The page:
If you don’t like the fact the Canadian Opens, men and women, are played at the same time, same week, for the very first time, you’d better get used to it.
It won’t be changing soon.
If you don’t like the fact that your annual two weeks of tennis is suddenly one suped-up week of televised tennis on speed dial, too bad. It’s not unlike the regular Williams sister withdrawals from the Rogers tournaments. You’d better get used to it.
“The tours wanted to have a bigger tournament to promote the sport. And, it would have been difficult (for us) to say no,” said Karl Hale, the Rogers Cup tournament director, putting on his happiest face.
“We lobbied for Week 33 on the schedule, to get the strongest playing fields possible. We got that. They want the sport to grow and create bigger events. This was the next logical step.”
It was the next step. Just how logical, we can debate.
I happen to be a tennis fan and I hate the fact that the Toronto and Montreal tournaments are going on simultaneously. In fact, I feel cheated by it.
Maybe it’s my nature to resist change but I got used to seeing a men’s event one week in Toronto and a women’s event the next week in Montreal. It became regular television viewing. They were the only tournaments outside the Grand Slams that I never missed. One I would see live, the other on TV. But now, in this A-D-D world in which we live, it’s all a grand mish-mash, all happening at once.
On Thursday, the quarterfinals of the Rogers Cup will be played at the Rexall Centre in Toronto and that is usually my favourite day of most tennis tournaments. Under normal circumstances, you get treated to four matches of consequence and substance on the same day. And here’s the problem.
If I’m a member of the tennis-paying public and I have paid good money to sit in the stands and sweat at Rexall watching Caroline Wozniacki play Li Na there is every possibility that I’ll miss out on Roger Federer playing Nicolas Almagro in the quarterfinal in Montreal, assuming everything goes according to form. And if that’s the case, I’m feeling cheated.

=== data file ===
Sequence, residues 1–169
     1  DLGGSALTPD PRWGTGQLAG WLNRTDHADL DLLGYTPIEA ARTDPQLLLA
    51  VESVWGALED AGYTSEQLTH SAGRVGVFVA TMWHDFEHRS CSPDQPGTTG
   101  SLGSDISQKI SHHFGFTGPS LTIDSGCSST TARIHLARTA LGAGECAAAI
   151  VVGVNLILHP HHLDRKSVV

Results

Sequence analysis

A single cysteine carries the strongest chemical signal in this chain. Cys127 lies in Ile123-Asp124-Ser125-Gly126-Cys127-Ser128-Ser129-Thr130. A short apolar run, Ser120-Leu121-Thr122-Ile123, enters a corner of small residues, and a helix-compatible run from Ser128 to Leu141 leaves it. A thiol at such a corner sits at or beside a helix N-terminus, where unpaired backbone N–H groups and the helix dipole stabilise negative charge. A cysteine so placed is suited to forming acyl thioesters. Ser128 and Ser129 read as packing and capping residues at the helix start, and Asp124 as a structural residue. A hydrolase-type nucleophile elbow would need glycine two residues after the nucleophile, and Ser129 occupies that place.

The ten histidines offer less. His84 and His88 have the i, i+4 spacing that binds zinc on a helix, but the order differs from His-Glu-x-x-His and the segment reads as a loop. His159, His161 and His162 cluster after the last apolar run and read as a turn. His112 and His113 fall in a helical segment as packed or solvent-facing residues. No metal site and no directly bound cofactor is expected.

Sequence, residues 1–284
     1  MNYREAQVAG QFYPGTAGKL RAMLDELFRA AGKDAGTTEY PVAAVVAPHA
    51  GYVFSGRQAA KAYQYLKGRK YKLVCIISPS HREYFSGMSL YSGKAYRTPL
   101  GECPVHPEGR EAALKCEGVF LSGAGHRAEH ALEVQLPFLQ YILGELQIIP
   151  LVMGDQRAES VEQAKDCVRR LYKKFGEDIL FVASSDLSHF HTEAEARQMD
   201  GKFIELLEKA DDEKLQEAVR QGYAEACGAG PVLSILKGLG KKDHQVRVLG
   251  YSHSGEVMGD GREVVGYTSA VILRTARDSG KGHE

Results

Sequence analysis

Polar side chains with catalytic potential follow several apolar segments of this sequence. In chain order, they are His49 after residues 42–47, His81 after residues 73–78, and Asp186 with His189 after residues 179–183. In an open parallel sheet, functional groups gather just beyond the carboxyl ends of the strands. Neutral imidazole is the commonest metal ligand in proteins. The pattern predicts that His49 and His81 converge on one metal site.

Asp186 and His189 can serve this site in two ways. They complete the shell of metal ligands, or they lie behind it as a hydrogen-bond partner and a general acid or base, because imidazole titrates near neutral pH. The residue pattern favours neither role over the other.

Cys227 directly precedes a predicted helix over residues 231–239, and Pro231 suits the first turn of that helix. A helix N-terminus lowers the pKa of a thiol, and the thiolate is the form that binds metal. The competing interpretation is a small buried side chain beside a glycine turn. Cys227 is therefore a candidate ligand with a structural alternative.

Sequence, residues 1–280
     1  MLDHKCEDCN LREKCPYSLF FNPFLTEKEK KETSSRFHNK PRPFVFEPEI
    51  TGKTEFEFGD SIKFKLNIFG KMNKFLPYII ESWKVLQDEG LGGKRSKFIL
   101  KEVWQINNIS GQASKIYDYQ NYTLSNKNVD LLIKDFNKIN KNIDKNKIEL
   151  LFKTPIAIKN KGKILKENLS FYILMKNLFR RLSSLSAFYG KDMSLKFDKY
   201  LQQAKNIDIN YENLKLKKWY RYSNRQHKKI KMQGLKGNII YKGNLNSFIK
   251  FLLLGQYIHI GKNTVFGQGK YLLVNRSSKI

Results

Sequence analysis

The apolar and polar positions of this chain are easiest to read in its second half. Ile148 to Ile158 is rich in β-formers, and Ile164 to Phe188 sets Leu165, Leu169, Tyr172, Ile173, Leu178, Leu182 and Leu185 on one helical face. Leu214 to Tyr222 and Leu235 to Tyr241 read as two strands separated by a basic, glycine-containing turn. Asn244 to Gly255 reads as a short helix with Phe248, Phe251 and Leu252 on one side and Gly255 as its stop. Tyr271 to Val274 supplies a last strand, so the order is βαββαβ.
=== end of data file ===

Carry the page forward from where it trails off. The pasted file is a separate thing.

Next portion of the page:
And I might feel the very same way if I’m sitting at home watching on television.
Consider what the CBC must do on Saturday, semifinal day in both tournaments. Now this is testing a nation’s summertime mettle. It’s one thing to be a tennis fan. It’s another to commit eight hours on a weekend day to watch television. For the NFL, maybe it’s worth considering. But there is no fantasy football equivalent in tennis?
The semifinals on CBC will begin at 11 in the morning and likely end sometime after 9 at night. You have a choice on Saturday: Read War and Peace or watch tennis?
And that’s without complaining that the women’s professionals are getting shortchanged here. It may be human nature, but if given the choice of watching Novak Djokovic or Victoria Azarenka, most of us will choose Djovokic. If given the choice between Rafael Nadal and Vera Zvonareva, I think most of us would pick Nadal.
“We’re going to compete for television time,” said Maria Sharapova, who should never be competing with anyone for television time. “Other than that, (things) are pretty much the same.”
The same for the players. The women are in Toronto this year, the men in Montreal. The tournament hasn’t changed for them. It’s changed for us, for those paying, for those watching at home, for those who care about tennis. And the clever tournament organizers made the centre courts in Toronto and Montreal look almost identical so that the blind eye couldn’t distinguish between cities. The tournament has more of a Grand Slam feel being in two cities from a television perspective — but Slams are played over two weeks.
This being a one-week event means you watch the same amount of tennis in half the time. And I wonder: How does that grow the sport?
How is the men’s event better when it’s been having Grand Slam fields for 10 years?
How is the women’s event better when it’s had great fields since the WTA altered its shoddy attendance policy?
“This works,” said Hale. “This works great for TV.”
Just not great for the tennis fans.